Accra, Ghana, June 1, 2010—IFC
and the World Bank held consultations with a wide range of stakeholders
in Accra, Ghana, on May 31 and June 1, 2010, as part of a broad, global
consultative process to develop a palm oil strategy that will support smaller
businesses while minimizing negative environmental impacts. IFC is a member
of the World Bank Group.
About 60 people attended the consultations,
representing civil society organizations, private companies, financial
institutions, industry associations, smallholder producers, government,
and research institutions. Participants came from Cameroon, Cote d’Ivoire,
Gabon, Ghana, Liberia, Nigeria, and Sierra Leone.
During the consultations, participants
discussed the potential of the palm oil industry in Sub-Saharan Africa
and its economic, social, and environmental implications. Increasing
yields and productivity were seen as key to the industry’s future. The
discussion focused on the need to support smallholder producers through
access to finance, environmental certification, land policy and technology
transfer, among other issues.
“IFC and the World Bank are working
with a diverse group of stakeholders to inform our new global strategy
that will guide our future engagement in the palm oil sector,” said Mary-Jean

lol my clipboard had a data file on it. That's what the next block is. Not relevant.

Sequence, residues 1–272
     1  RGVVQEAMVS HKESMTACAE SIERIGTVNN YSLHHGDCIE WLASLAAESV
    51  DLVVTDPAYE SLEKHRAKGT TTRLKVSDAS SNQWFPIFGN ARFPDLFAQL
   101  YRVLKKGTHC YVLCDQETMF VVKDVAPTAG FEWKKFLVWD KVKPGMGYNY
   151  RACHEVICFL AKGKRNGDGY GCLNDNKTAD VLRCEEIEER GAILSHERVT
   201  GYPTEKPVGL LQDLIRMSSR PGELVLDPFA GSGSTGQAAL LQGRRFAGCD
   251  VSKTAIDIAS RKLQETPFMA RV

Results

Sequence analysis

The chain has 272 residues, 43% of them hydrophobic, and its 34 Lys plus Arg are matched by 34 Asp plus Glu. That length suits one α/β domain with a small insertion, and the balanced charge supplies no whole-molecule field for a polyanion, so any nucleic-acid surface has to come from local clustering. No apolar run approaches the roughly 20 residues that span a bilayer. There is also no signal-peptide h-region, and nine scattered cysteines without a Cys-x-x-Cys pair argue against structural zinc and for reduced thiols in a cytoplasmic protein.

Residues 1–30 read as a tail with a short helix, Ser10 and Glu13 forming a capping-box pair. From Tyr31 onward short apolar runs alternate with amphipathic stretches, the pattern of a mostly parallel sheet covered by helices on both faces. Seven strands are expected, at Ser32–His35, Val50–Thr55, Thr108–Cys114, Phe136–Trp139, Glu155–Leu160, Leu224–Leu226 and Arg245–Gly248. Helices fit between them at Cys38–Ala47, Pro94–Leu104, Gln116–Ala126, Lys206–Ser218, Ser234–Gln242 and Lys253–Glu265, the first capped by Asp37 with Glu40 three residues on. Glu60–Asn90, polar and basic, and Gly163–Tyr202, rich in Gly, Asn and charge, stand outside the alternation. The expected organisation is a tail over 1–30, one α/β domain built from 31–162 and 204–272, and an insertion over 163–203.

Ndlovo, IFC Ghana Country Manager. “Sub-Saharan Africa has a long history
of palm oil production. This consultative process is helping us identify
key issues affecting the palm oil sector and define ways the World Bank
Group can support economic development while protecting the environment.”
African palm oil production represents
3 percent of global supply, though palm oil is the most popular food oil
on the continent. Consumption in Africa is expected to increase, as the
continent’s population grows. Palm oil production in Africa has thepotential
to support sustainable economic development in several countries in west
Participants at the meeting in Accra
agreed that there was considerable scope for expansion, but noted that
the industry should be carefully managed to avoid potential threats to
tropical forests and associated biodiversity loss.
The World Bank Group will not develop
new palm oil projects until its global palm oil strategy is in place and
development can follow sound social and environmental practices. Consultations
with stakeholders have been held in the United States, Central America,
Asia, and Europe.
For more information, see the World
Bank Group’s dedicated palm oil sector website at www.ifc.org/palmoilstrategy.
About the World Bank Group
The World Bank Group is one of the world’s largest sources of funding
and knowledge for developing countries. It comprises five closely associated
institutions: the International Bank for Reconstruction and Development
(IBRD) and the International Development Association (IDA), the International
Finance Corporation (IFC); the Multilateral Investment Guarantee Agency
(MIGA); and the International Centre for Settlement of Investment Disputes
(ICSID). Each institution plays a distinct role in the mission to fight
poverty and improve living standards for people in the developing world.
For more information, please visit www.worldbank.org,